We were not rewarded with a spectacular sunrise as we took the dawn trek up the terraced temple site but we did enjoy the serenity of the morning calm undisturbed by any throng of noisy tourists—which we were to meet on our way down. From the top of Borobudur, we watched the post-dawn fog rolled into the valley providing a veil over the hillside and the light from the sun behind the clouds gradually giving definition to sculptures of sitting Buddha in various poses of meditation. On our descent, we made partial circles of each terrace to enjoy the artistry of sculptured stone panels. On the very bottom terrace, Mr. Herry told us to go clockwise from the east gate to see the beginning-to-end portrayal of Ramayana, the classic Hindu epic of good vs. evil, abduction and rescue, heroic battles and heart breaking suspicion of marital infidelity.

In line with the Borobudur were two other small Buddhist temples that we stopped briefly to see. Be they Hindu or Buddhist, the temples were uniformly gray due to the use of volcanic rocks. The differences in style were subtle and the casual tourist would be tempted to dismiss them in the mold of “seen one, seen them all.”

From Borobudur we drove back to Yogya and headed for the Sultan’s Palace and then the Water Palace where once the Sultan and his many wives cavorted. The Sultan’s palace was in part a museum and in part the living quarters of the current and 10th Sultan and his family (off limits to visitors). We were told that the Sultan’s father (the 9th) joined the struggle for independence from the Dutch early on and at one time served as the vice president of Indonesia when Suharto reigned as president for life. The tenth is the current governor of the province that has Yogya as the capital.

Our guide also took us to a batik making factory and show room and then to a silver shop called Ansor in the southern part of the city. Both were located in upscale neighborhoods.

We got back to our hotel shortly after noon but it already seemed like a long day for us. We walked to a nearby Chinese restaurant for a late lunch. We ordered mie gorang (chow mein) along with chicken with vegetable and pork with pickled vegetables. We must have been hungry and felt that we didn’t have enough to eat and supplemented with an order of nasi gorang (fried rice). Food was inexpensive in Indonesia while beer was comparatively more pricey though still cheap compared to US prices. For dinner last night and lunch today, we ate for less than the equivalent of ten dollars but a large bottle of beer cost about $3.

We were supposed to see a performance of the Ramayana ballet tonight. We ended up in traffic gridlock and Herry saw that we were not going to make it on time. He quickly cleared with his boss and changed our attendance to the following night. Even then turning around and getting out of the traffic was a challenge. The driver of the car obstructed by our driver’s attempt to make a U turn on a narrow two-lane road quickly got out of his car to halt traffic so that our driver could complete the maneuver smoothly. Nobody honked but waited patiently. We found out later that there was a chemical fire near the theatre that had caused the traffic congestion.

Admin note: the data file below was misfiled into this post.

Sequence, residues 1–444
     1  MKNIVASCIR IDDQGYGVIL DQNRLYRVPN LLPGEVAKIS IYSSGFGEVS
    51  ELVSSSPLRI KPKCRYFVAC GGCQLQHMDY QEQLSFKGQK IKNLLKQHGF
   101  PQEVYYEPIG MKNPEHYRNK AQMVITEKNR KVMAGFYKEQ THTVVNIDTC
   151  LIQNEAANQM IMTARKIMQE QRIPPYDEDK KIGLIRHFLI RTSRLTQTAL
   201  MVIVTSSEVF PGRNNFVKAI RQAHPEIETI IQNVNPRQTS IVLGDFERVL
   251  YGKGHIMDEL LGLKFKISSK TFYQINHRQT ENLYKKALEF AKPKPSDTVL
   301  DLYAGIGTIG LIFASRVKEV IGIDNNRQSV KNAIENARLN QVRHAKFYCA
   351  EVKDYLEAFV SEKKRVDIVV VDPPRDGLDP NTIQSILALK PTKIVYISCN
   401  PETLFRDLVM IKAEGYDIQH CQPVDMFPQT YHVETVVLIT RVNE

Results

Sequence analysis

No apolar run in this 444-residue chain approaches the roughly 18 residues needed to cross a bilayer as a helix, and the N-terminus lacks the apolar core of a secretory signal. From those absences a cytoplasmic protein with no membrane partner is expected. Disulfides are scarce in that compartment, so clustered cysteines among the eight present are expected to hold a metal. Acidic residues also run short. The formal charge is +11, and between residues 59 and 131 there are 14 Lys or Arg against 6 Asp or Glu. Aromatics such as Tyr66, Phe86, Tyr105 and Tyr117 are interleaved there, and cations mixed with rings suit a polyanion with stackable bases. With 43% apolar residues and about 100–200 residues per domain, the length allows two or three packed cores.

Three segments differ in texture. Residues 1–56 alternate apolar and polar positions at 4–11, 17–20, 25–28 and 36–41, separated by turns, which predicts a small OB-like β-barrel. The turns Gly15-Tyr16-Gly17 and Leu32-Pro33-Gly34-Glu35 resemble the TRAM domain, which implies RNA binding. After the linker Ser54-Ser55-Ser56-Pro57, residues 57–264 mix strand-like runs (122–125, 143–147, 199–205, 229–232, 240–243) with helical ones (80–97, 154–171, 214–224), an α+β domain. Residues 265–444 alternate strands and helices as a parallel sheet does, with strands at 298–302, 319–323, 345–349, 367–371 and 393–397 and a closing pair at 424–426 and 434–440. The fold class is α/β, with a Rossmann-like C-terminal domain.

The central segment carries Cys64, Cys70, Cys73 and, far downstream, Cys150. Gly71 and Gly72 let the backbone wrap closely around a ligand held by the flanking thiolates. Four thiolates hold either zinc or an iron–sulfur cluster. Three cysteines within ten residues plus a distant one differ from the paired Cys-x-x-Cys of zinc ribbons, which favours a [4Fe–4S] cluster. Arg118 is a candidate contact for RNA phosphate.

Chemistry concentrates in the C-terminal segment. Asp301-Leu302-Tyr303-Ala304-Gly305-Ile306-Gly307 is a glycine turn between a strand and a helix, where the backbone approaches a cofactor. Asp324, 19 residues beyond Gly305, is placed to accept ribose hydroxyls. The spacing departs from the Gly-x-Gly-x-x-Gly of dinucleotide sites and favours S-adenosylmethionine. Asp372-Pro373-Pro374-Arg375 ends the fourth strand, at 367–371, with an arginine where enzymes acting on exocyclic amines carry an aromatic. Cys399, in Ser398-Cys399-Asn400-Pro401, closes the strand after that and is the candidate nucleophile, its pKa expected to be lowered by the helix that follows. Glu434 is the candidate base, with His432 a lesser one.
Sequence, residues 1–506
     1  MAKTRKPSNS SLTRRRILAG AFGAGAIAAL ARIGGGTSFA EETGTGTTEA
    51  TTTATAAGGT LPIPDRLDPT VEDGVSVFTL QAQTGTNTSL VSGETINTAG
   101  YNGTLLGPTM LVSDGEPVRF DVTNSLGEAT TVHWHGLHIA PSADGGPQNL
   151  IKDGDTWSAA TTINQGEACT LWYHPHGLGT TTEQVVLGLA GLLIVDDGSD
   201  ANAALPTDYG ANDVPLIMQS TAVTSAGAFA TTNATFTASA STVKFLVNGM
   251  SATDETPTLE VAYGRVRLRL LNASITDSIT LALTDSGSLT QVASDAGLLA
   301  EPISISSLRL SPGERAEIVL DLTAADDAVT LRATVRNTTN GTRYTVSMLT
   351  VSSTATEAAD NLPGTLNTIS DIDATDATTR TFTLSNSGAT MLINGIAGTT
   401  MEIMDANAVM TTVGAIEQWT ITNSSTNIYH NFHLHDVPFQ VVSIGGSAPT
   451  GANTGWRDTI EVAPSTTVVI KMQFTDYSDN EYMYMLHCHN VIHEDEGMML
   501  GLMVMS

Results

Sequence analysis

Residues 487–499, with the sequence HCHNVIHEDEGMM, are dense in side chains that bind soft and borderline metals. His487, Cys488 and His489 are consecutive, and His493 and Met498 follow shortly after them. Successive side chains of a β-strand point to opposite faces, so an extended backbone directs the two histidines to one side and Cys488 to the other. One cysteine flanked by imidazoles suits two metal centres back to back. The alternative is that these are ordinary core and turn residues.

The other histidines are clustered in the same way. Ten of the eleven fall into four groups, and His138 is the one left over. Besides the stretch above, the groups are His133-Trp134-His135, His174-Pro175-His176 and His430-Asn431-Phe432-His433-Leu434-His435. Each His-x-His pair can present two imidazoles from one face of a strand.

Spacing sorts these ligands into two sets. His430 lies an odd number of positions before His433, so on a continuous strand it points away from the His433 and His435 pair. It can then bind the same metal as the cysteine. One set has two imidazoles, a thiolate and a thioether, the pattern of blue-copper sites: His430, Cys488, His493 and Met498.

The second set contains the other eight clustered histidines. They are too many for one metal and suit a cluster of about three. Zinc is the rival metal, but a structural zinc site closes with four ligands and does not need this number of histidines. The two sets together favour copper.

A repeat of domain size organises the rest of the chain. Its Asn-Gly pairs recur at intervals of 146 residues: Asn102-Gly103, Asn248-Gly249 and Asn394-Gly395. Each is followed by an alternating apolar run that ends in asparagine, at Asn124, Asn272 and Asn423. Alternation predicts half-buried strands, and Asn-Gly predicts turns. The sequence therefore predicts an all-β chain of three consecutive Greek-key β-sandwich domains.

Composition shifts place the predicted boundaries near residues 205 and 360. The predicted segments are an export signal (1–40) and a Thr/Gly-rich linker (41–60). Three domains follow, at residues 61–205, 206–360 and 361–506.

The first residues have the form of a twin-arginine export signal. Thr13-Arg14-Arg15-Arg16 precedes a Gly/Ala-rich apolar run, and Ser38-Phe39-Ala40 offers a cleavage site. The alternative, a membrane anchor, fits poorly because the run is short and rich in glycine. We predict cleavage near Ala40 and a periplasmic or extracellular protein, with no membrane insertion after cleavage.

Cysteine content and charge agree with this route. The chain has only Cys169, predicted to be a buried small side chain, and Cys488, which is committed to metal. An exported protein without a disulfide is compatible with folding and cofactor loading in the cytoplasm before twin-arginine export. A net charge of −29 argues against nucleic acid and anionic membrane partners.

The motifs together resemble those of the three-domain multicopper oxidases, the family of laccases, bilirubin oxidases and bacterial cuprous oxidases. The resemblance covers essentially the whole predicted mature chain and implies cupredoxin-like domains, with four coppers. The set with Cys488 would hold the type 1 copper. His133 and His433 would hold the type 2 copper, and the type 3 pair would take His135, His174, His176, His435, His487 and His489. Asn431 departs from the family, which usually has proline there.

Day 3

We didn’t have to leave quite so early but it was still a 7:30 AM departure. We were heading for Dieng Plateau, about 3.5 hours away. Along the way, we came to a farmer’s market on a small village half way up the mountain. At the lookout point, our next stop, someone spoke to May first in English to find out if she spoke Chinese and then broke into Mandarin. They are overseas Chinese apparently many generations in Indonesia but still they felt so proud of China’s achievement and talked wistfully of visiting China someday.

The ostensible object of our tour today was the oldest known Hindu temple complex dating back to 5th century AD and only restored in 2008. This temple complex was on a much lesser scale than Prambanan and couldn’t justify a trip on its own merit. On the plateau we then came to scalding hot springs and Lake Warna, known for multi-colored water in a scenic setting. On the way home, we stopped at a roadside restaurant known for their satay for a real cheap meal. By chance a parade celebrating a mass circumcision of boys coming of age (10) and their families riding in horse carts came by. The designated boys dressed in white were being honored and unaware that they were about to encounter the first traumatic experience of their young lives.

Tonight we attended the Ramayana ballet that we missed the previous night. It was lightly attended, consisting of one Japanese tour group and one European tour group along with a handful of others, altogether may be 40 in the audience. It was colorfully costumed and appeared to be well done. We were given an English description of the story so that it was easy to follow along. The actors/dancers were good at catching arrows shot at them across the stage, that and one of the actors rolling on a trough of fire added color to the performance.